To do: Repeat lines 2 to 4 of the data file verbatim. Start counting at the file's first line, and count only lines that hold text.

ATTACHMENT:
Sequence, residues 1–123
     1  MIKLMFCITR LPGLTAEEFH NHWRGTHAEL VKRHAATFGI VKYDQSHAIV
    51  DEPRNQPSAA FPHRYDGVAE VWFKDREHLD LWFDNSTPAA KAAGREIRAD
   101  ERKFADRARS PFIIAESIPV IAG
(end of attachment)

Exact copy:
     1  MIKLMFCITR LPGLTAEEFH NHWRGTHAEL VKRHAATFGI VKYDQSHAIV
    51  DEPRNQPSAA FPHRYDGVAE VWFKDREHLD LWFDNSTPAA KAAGREIRAD
   101  ERKFADRARS PFIIAESIPV IAG